Similarities in the CNS
The nervous system in both mammals and reptiles is organized into discernible regions based on structure and intended function. For example, both groups have similar subdivisions of the brain: the forebrain (divided into the telencephalon and diencephalon), the midbrain, and the hindbrain (Ghysen, 2003). In mammals, the structure of the hindbrain remains more conserved than the forebrain does (Ghysen, 2003). Reptiles and mammals share similar parts of the brain. These parts are the basal ganglia, brain stem, and cerebellum. These brain parts handle identical body functions such as the coordination of movement, breathing, balance, and the simple urges of survival like defense, flight, mating, and feeding (Elphick et al., 2013; Steinhausen et al., 2016. In both organisms, the cerebellum has various segments that include the archicerebellum, paleocerebellum, and the neocerebellum. Collectively, the cerebellum is concerned with a host of functions including balance and equilibrium as well (skilled) movements (Naumann et al., 2015). In reptiles, the paleocerebellum forms the greatest mass of the cerebellum while in mammals the development of the entire cerebellum is linked with the cerebral cortex (Messé et al., 2014).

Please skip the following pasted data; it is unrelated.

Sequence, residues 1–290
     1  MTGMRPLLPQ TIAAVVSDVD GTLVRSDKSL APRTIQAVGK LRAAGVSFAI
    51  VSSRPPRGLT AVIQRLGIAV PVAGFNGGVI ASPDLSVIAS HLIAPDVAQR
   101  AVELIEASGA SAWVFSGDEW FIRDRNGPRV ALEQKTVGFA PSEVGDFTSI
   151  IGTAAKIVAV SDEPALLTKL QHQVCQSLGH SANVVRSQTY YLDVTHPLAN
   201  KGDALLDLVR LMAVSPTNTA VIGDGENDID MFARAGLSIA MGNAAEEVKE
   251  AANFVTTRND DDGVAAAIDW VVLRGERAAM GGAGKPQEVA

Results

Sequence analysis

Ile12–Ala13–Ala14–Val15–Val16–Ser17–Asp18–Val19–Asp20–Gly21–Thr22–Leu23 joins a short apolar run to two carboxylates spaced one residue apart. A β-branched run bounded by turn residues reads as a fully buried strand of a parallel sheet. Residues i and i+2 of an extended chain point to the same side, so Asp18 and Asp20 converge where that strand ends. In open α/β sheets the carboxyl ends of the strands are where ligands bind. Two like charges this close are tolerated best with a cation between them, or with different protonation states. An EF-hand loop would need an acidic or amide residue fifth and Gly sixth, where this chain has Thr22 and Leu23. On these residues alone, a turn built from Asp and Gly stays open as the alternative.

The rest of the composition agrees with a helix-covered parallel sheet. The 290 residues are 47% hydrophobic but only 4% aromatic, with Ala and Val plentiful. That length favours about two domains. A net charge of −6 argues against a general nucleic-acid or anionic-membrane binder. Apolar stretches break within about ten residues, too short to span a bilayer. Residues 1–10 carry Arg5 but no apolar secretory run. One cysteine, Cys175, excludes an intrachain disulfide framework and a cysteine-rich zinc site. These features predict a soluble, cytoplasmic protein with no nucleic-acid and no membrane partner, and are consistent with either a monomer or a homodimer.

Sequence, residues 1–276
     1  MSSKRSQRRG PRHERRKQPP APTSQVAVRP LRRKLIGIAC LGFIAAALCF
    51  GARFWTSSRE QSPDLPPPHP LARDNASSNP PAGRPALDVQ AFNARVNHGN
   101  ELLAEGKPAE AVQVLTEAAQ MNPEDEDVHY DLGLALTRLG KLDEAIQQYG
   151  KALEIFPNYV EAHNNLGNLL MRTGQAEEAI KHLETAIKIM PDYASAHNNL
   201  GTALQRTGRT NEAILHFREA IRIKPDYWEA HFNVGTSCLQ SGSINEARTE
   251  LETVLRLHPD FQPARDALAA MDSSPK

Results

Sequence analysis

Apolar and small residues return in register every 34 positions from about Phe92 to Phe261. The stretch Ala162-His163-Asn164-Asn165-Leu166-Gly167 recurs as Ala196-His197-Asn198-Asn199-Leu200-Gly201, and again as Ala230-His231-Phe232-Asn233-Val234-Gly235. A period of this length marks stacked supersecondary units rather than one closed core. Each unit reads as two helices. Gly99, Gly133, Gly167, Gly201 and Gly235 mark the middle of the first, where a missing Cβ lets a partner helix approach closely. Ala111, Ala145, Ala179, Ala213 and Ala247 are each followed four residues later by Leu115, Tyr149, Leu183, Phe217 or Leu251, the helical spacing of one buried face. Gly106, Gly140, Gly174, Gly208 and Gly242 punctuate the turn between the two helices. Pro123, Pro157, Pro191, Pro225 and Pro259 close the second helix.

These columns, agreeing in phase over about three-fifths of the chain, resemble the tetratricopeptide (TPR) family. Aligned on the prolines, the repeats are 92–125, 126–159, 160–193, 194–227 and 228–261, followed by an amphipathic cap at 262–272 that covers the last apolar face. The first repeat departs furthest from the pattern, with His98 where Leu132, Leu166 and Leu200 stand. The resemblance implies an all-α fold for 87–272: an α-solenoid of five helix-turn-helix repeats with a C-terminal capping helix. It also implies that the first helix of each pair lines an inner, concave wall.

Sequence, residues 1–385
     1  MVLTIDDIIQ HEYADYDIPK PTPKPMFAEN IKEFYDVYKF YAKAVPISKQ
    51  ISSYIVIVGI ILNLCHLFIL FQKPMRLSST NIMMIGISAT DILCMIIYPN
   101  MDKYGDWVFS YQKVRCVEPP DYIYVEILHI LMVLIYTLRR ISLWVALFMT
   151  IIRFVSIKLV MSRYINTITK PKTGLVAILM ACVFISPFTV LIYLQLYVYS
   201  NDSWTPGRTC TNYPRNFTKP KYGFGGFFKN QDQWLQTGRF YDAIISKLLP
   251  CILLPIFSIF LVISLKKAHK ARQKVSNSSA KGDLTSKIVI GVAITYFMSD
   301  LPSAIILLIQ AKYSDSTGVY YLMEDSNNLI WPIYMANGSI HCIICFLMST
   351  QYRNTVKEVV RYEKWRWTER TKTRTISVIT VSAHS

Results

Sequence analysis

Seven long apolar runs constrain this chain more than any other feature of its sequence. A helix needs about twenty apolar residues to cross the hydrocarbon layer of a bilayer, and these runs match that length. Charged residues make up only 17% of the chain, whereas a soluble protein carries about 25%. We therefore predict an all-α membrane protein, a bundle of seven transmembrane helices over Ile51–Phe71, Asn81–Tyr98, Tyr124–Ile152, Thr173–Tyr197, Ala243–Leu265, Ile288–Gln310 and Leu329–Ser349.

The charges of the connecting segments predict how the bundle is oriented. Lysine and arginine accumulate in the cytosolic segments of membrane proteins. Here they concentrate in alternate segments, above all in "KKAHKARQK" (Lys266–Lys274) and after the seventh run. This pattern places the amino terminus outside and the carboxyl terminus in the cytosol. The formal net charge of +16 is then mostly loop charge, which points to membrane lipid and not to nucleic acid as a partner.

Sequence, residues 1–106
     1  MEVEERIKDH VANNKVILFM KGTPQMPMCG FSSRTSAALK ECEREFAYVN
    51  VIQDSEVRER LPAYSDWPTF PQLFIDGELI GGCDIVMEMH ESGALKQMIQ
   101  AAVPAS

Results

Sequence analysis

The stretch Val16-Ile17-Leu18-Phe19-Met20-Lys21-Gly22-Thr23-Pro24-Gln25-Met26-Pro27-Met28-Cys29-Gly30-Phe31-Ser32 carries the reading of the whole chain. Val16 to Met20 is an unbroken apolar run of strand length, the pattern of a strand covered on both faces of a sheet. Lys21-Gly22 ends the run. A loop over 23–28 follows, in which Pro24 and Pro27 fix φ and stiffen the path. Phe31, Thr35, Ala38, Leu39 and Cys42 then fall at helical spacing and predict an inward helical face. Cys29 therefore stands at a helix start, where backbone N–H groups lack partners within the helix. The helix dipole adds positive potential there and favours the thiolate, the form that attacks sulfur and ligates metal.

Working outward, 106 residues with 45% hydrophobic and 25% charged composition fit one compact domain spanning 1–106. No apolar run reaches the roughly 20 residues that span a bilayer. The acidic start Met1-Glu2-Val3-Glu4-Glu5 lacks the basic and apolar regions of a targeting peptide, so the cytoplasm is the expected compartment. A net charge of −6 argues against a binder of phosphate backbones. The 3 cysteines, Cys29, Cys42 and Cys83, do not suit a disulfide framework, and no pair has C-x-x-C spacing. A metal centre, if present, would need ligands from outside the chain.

Differences in the CNS
Compared to mammals, the brain of reptiles is significantly smaller. The reptilian cortex also consists of far fewer subdivisions than that of mammals, particularly when compared to primates, canidae, and rodents (Laurent et al., 2016). Unlike mammals, reptiles also have a variety of mechanoreceptors, which they use to not only sense vibrations but also sound and other forms of mechanical disturbance (Siminoff and Kruger, 1968). This is true especially in snakes. Reptiles have muscle spindles spread across their body that help detect and control the stretch of their body muscles (Siminoff and Kruger, 1968).